In India, 1.2 million children die every year from preventable diseases. Pneumonia, which is preventable through a vaccine, is the single-largest cause of death among children under the age of five. Nearly one of every four deaths of children under five years old is caused by pneumonia. As part of India’s Universal Immunization Program (UIP), the government will begin to provide the Pneumococcal Conjugate Vaccine (PCV) for free beginning in 2017. By offering PCV in India for free, up to 180,000 lives may be saved annually.

As Indian health minister JP Nadda notes, pneumonia kills more children under five than it does adults. Their weaker immune systems make it more difficult to fight off the illness’s symptoms as compared to older children and adults. Thousands of children have been hospitalized annually due to the spread of pneumonia. The inability of underprivileged families to afford the PCV in India has been a direct cause of increased illnesses among the child population.

Before now, the vaccine was accessible only via the privatized market to those able to afford it. By adding PCV to the vaccines given for free under the UIP, the underprivileged population will be on more equal footing in terms of health care access.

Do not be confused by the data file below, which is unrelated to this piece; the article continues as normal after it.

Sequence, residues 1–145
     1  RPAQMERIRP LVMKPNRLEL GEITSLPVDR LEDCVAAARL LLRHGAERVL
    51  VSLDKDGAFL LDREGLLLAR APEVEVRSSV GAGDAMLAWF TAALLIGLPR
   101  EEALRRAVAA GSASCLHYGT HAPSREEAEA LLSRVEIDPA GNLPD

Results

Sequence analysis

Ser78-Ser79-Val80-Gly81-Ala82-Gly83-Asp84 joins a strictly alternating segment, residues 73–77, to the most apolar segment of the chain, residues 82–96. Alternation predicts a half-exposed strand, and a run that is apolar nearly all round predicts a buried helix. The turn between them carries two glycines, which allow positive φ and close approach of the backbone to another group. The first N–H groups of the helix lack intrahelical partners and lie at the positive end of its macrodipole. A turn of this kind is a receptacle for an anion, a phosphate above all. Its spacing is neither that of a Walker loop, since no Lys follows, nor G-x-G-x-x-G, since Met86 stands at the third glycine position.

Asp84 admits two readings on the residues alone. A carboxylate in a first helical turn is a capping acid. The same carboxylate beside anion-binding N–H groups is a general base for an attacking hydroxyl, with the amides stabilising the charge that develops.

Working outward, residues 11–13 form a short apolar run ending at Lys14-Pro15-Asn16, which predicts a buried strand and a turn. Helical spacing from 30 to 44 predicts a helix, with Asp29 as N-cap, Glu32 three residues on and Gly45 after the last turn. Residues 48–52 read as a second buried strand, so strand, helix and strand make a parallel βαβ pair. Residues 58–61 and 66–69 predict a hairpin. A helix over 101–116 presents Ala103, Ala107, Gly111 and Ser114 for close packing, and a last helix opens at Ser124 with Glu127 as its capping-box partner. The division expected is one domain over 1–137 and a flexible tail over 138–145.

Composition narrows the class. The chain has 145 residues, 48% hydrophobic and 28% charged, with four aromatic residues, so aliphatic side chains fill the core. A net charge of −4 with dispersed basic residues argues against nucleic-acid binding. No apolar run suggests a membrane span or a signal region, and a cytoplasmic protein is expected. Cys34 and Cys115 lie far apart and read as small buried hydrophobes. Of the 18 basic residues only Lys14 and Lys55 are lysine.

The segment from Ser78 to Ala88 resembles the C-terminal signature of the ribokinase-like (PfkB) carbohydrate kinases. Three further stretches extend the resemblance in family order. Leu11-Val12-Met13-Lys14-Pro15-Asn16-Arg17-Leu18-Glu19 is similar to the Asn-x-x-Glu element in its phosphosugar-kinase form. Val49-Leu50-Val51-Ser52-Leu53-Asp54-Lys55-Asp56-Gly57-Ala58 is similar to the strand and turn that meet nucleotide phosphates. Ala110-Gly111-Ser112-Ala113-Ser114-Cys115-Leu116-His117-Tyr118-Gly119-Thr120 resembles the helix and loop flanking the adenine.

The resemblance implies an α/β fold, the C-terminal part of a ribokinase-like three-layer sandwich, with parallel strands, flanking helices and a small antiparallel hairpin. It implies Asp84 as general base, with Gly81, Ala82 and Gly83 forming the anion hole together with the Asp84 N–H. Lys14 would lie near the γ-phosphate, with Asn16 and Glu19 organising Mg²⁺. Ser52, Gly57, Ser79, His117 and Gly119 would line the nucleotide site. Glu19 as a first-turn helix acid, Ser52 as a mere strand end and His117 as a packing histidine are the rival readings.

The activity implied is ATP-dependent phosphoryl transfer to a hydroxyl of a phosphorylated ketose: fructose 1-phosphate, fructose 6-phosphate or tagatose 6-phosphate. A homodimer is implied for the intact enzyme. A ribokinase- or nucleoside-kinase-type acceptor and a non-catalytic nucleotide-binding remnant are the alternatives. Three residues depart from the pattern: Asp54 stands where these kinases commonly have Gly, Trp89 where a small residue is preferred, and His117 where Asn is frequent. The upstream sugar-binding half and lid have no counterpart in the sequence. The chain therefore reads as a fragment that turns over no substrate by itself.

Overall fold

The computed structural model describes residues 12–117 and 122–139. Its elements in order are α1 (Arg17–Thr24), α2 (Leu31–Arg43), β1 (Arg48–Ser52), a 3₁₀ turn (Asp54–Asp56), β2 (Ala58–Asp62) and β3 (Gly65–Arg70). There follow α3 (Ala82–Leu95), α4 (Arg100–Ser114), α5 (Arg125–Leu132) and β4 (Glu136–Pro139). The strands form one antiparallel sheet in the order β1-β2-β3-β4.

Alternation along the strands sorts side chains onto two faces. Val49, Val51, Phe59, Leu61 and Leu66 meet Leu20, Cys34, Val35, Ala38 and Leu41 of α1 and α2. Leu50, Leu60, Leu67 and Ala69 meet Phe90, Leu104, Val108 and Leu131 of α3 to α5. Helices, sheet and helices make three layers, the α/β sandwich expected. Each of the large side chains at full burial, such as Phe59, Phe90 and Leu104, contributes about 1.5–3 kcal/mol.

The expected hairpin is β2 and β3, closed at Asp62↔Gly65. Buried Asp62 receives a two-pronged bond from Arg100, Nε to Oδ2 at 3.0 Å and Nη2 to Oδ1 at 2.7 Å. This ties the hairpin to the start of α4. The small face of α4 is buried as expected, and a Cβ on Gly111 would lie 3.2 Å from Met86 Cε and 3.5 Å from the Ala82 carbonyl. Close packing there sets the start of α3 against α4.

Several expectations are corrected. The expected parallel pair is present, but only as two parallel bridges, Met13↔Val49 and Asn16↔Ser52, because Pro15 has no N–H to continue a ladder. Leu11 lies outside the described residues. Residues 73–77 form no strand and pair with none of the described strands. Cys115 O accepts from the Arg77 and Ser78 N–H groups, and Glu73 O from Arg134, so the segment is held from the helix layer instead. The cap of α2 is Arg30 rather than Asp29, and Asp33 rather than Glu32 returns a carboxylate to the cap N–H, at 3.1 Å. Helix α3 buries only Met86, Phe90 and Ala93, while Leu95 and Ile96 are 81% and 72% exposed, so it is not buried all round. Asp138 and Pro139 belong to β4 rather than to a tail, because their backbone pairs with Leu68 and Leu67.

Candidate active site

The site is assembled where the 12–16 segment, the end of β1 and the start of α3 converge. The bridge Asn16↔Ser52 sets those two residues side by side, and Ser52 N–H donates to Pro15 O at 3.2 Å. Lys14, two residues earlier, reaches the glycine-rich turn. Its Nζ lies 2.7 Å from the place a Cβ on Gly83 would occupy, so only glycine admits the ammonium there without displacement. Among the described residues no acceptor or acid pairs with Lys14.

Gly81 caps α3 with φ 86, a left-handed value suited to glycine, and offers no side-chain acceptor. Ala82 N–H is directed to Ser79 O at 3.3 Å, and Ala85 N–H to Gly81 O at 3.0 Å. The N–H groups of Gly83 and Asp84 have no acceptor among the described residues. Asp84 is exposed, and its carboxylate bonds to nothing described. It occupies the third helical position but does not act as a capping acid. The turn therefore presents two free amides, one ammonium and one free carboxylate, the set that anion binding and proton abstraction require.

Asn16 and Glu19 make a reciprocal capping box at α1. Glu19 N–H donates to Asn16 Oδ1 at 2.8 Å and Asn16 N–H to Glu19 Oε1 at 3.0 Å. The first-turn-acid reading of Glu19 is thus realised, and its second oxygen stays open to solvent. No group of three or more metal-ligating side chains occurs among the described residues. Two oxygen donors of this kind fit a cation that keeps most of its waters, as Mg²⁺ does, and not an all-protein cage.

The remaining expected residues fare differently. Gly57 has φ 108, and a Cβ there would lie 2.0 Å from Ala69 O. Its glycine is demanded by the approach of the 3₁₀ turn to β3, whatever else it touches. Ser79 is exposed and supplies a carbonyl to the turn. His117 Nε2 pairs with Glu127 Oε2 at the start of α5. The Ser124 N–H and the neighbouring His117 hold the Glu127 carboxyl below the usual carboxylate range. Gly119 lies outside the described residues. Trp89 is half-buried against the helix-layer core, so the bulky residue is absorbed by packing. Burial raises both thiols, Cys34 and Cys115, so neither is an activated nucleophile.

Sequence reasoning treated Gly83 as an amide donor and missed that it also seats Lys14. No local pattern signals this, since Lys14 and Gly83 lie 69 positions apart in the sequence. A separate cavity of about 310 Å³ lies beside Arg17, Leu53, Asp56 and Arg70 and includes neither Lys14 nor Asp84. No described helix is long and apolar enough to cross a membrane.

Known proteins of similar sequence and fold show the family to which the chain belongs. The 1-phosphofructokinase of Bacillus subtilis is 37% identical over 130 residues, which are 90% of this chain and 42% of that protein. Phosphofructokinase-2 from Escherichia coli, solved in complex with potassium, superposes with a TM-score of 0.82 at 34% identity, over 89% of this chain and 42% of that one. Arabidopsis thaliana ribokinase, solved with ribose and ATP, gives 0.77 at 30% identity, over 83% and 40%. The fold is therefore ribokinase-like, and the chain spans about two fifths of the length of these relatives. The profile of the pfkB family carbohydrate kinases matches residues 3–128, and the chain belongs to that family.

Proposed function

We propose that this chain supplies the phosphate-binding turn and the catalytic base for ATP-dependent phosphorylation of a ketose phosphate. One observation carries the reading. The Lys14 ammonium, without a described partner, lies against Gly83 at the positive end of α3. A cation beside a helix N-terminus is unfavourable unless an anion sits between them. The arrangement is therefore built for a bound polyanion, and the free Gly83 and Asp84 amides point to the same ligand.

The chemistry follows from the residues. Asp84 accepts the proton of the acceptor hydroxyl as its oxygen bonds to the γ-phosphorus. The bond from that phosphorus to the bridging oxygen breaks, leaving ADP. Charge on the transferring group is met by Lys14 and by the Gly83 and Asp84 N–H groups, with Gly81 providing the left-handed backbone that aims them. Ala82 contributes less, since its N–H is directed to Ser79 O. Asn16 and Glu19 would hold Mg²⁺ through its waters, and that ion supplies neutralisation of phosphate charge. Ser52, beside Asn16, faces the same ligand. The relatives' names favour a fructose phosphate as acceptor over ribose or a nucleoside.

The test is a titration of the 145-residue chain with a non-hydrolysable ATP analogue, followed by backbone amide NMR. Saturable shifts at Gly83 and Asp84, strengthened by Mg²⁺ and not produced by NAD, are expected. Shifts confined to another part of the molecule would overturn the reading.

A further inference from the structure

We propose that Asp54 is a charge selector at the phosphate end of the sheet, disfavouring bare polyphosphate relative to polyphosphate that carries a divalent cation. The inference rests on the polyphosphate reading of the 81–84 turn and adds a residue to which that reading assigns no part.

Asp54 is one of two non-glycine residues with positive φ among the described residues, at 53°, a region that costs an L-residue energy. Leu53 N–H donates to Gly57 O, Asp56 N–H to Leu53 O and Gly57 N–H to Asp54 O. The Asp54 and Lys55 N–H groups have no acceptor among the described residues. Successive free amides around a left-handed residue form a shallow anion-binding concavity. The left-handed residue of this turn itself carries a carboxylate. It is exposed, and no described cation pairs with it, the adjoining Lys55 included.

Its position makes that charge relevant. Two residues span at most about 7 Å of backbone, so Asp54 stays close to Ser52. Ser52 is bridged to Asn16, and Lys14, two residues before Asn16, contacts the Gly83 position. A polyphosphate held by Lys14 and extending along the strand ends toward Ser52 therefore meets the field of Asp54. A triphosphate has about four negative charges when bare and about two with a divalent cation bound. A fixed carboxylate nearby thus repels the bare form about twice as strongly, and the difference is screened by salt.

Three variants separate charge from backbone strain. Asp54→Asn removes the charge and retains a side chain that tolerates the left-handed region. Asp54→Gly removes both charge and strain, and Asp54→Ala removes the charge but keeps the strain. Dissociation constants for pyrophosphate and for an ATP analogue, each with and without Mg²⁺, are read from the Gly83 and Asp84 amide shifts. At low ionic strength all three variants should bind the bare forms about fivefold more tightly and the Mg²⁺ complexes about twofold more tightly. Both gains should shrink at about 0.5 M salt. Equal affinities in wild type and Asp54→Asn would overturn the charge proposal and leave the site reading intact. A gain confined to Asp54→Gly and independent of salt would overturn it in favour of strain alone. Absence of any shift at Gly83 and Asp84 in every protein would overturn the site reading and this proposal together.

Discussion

With free access to the PCV in India, child mortality rates are expected to decrease substantially. Millions of children will be protected against pneumonia in various states throughout India, including Uttar, Himachal Pradesh and Bihar. In addition, global healthcare alliance groups such as the World Health Organization and UNICEF remain dedicated to providing aid in support of the immunization plan.

The introduction of the vaccine will not only save children’s lives, but it will also drastically reduce health care costs for their families. Free and readily available access to the PCV in India will inevitably result in a healthier population and stronger economy.

Lael Pierce

Photo: Flickr